As hundreds of millions are impacted by historic flooding in China, the Communist Party leadership’s noticeable absence drew the attention of citizens and China analysts.
Chinese leader Xi Jinping did not show up in public for 21 days until July 21, when he hosted an economic seminar in Beijing.
Then, on Wednesday, he visited the Siping Battle Memorial Hall in northeastern China’s Jilin province. During China’s civil war, from March 1946 to March 1948, the Kuomintang (KMT) and Chinese Communist Party (CCP) fought four grueling battles in Siping, which killed at least 55,000 soldiers from both sides. The CCP won the first and last battle, while the KMT won the second and third ones.
On both occasions, he did not mention the severe flooding in at least 27 Chinese provinces and regions—caused by heavy rainfall since June. Nor have Xi or other members of the Politburo Standing Committee—the Party’s most powerful decision-making body—visited the disaster areas to command relief tasks, as their predecessors did. Only Premier Li Keqiang has made a brief visit to a flooded village in early July.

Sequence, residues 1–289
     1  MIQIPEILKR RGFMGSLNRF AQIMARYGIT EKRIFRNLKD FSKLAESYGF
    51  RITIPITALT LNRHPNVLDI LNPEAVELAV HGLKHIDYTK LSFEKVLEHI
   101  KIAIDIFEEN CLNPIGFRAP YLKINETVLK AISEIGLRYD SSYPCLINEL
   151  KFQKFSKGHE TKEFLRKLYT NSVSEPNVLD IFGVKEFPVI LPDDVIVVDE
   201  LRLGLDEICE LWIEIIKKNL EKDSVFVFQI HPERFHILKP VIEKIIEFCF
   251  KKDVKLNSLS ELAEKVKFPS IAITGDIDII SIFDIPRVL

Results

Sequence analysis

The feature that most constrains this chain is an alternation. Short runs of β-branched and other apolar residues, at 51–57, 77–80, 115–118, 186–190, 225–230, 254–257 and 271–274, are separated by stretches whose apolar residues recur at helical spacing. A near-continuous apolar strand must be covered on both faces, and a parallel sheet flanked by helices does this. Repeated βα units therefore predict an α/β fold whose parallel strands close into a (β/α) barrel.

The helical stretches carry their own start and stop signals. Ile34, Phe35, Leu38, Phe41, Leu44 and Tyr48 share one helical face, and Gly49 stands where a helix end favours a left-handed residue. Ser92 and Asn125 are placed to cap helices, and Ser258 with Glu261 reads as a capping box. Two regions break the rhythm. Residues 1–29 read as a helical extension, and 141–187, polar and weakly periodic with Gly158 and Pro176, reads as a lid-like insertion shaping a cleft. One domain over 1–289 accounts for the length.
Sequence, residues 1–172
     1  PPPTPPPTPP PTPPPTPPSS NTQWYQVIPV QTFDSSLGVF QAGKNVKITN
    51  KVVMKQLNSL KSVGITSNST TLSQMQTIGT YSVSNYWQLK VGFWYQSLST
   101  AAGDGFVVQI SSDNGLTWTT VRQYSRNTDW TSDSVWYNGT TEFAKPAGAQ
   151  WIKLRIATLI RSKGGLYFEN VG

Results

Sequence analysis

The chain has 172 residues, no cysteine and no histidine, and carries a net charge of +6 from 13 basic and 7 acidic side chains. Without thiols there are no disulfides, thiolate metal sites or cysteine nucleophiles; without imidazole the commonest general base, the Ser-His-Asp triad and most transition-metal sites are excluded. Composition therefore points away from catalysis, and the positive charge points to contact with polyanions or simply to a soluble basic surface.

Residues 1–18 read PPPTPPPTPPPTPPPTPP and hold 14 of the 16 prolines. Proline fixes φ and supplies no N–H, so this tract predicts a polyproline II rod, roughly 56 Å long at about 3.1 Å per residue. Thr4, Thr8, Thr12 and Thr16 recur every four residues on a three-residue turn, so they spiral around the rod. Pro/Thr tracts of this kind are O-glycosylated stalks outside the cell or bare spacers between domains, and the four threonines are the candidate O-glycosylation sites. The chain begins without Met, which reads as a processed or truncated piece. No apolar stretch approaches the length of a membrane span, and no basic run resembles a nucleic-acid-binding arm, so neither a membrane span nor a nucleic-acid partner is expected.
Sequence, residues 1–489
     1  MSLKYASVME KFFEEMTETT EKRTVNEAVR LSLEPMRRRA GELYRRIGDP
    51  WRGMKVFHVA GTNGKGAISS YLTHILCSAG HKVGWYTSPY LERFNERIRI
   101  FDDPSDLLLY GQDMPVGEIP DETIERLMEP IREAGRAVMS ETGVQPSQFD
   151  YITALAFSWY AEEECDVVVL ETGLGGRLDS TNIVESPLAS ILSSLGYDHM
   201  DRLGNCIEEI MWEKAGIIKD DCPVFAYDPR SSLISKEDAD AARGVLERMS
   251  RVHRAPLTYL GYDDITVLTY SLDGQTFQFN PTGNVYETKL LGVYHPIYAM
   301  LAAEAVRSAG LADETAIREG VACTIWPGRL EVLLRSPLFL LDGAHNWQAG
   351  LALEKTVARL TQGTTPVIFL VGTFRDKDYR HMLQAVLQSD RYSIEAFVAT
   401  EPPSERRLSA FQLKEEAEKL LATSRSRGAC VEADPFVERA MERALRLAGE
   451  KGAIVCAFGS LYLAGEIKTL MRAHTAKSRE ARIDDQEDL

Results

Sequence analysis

The CCP’s top leaders have not appeared much in public throughout 2020.
U.S.-based China political affairs commentator Zhong Yuan noted that this is unusual for the Party. He raised the question of whether the senior officials left Beijing in order to avoid contracting the CCP virus.
On the afternoon of July 21, Xi hosted a seminar for entrepreneurs in Beijing, joined by two Politburo standing committee members Wang Huning and Han Zheng, as well as other senior central government officials.
Executives at some of China’s biggest firms were in attendance: Chen Zongnian, chairman and Party leader of Hikvision, the surveillance equipment manufacturer; Ning Gaoning, chairman and Party leader of Sinochem, a state-run oil and gas conglomerate; Huang Li, chairman of Wuhan Guide Infrared, a…